“I thought he ruined some great plays.” - Andy Reid after Sunday’s win against the Broncos.
Reid, in jest, mentioned rookie Patrick Mahomes working out of the structure of some play calls in his first taste of real game action. In my review of the All-22, I would have to agree. It wasn’t always as it was drawn up, there were a few plays that didn’t get a chance.
But not the one I’m writing about today.
45 seconds is a deep dive into one play a week, or the roughly 45 seconds from the start of the play clock to the play being blown dead.
It wasn’t all an episode of Who’s Line is it Anyway? on Sunday. There are plenty of instances of Mahomes working within the construct of the design. One stood out to me as a perfect encapsulation of Andy Reid’s ability to design plays for a young quarterback and Mahomes’ growth this season to be able to work in chaos to see it through.
Here’s this week’s play:
Great design, easy read. Mahomes has the backer in underneath coverage at the top of the screen so lost. pic.twitter.com/UOOJbeuhgW— Kent Swanson (@kent_swanson) January 2, 2018
This is a well designed play and an easy read for Mahomes. Everything he is reading is from the right hash to the left. Chesson widens with his route stem to keep the defense honest, but runs a dig. He’s the last piece of this read. Wilson as the point man of the bunch look runs a crossing route. Demarcus Robinson on the post is an alert for certain coverages. He’s not in play with the middle field safety. He does take the top off the defense, leaving space for Wilson and Chesson in the intermediate behind underneath coverage.
The end zone view shows the effect of the action:
Zaire Anderson (#50) is thinking naked for a second, but the play is all about to be opposite the direction he opened. Brandon Marshall (#54) thinks the throw is crossing his face. Nope. pic.twitter.com/uH3MKk0KP0— Kent Swanson (@kent_swanson) January 2, 2018
This play action has similar effects to the play I wrote about from the Jets game. Linebacker Zaire Anderson (No. 50) appears to be thinking some kind of boot for a second to keep him out of the play. He opens to the field, and then gets depth.
Brandon Marshall (No. 54) gets to his landmark initially. He might have been in position to make the play if it weren’t for what Mahomes did when the play started breaking down.
A blitzing Dymonte Thomas is able to get around Anthony Sherman in protection. Shaquille Barrett crosses the face of Cameron Erving and loops around him to disrupt the protection.
Mahomes is able to feel the pressure, and moves up into the pocket to avoid a sack. What’s so impressive is that he doesn’t initiate scramble rules. When a play breaks down and a quarterback escapes the pocket and scrambles, the receivers move with the quarterback based on the original play design. Scrambles are chaos, but they’re more organized then you think. Deep receivers come back towards the QB, receivers on short routes, go deep, etc.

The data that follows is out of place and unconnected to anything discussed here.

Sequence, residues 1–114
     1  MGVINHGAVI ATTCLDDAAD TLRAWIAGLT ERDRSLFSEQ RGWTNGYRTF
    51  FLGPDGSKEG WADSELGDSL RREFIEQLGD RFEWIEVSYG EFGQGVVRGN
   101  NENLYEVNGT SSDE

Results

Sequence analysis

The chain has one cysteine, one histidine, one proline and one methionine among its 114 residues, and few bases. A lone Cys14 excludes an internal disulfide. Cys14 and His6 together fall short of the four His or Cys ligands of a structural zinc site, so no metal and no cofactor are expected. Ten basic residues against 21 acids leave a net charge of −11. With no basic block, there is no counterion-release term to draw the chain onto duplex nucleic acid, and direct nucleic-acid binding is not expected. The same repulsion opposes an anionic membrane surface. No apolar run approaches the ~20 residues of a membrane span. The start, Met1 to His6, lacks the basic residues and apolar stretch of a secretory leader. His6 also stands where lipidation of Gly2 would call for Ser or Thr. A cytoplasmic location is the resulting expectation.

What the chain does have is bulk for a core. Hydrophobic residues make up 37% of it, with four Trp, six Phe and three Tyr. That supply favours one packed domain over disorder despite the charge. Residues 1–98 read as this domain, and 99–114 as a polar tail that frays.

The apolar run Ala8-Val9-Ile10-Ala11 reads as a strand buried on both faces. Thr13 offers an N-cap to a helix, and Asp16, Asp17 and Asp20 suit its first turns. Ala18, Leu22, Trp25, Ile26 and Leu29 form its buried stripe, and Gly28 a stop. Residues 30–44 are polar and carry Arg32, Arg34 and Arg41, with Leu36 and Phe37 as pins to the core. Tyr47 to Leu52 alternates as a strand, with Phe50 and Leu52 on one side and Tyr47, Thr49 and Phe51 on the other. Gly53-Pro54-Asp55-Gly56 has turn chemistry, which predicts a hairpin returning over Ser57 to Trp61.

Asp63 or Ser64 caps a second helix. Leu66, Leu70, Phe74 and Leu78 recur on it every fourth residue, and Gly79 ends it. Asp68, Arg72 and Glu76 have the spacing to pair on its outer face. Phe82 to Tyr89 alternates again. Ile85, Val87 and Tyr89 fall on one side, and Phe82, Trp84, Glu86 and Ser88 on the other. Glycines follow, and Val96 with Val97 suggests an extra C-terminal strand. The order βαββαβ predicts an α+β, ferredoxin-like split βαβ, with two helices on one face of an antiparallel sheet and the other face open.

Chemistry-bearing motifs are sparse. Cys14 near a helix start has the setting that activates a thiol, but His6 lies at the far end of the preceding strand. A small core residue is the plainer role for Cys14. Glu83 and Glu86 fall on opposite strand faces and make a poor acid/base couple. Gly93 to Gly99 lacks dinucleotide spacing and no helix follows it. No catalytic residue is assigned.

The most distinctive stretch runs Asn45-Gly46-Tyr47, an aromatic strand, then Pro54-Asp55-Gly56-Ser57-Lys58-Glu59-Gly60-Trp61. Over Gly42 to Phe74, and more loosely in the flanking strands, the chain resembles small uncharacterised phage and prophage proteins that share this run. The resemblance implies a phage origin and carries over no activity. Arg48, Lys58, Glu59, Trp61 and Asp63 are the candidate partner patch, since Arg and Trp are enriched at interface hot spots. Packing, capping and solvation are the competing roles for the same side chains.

Mahomes was able to complete the play, as constructed, from a messy pocket without having to scramble. He worked through a mess in front of him to execute a well designed play. On top of that, he flashed his immense talent doing it.
I’ll stop short of saying this was one of those no-look passes that has been mentioned as in his arsenal. It’s looks like it could have been. As bad as Marshall was fooled, I wouldn’t be surprised.
Regardless, his eyes and shoulders lied to the underneath coverage. Everything about his movements is selling up field, not to the sidelines. Wilson gets lost behind Marshall. Even up to the point Mahomes cocks the ball back to throw, Marshall believes the ball will cross his face. He has no idea that Wilson is behind is back and the ball is heading there. All of Mahomes momentum is heading away from where he puts this football:
This looks like Rodgers. Shoulders (and I think eyes) aren't selling sideline throw. Look where his momentum takes him. pic.twitter.com/mkPQAILIl3— Kent Swanson (@kent_swanson) January 2, 2018
Even when things didn’t hold up, Mahomes was able to manipulate defenders and complete the play as the route structure was designed. He gave this play every chance to work. It was an incredibly promising play that showed a lot of growth. Even his play fake looked worlds better than what it did in August. There’s a lot of indicators in the tape that Mahomes can live up to his potential.
Instincts are hard to fight. Mahomes has been able to do things out of structure that are special. I wrote this summer that I believe he wants to win from the pocket and not just improvise. This play, and others this week, showed that could be the case. Reid creating easy reads and Mahomes showing he’s willing to work within structure is a great start. As he grows, we should see it more consistently.
Reid should get those play call ruiner jokes out of the way now, because the material might just age quicker than we think.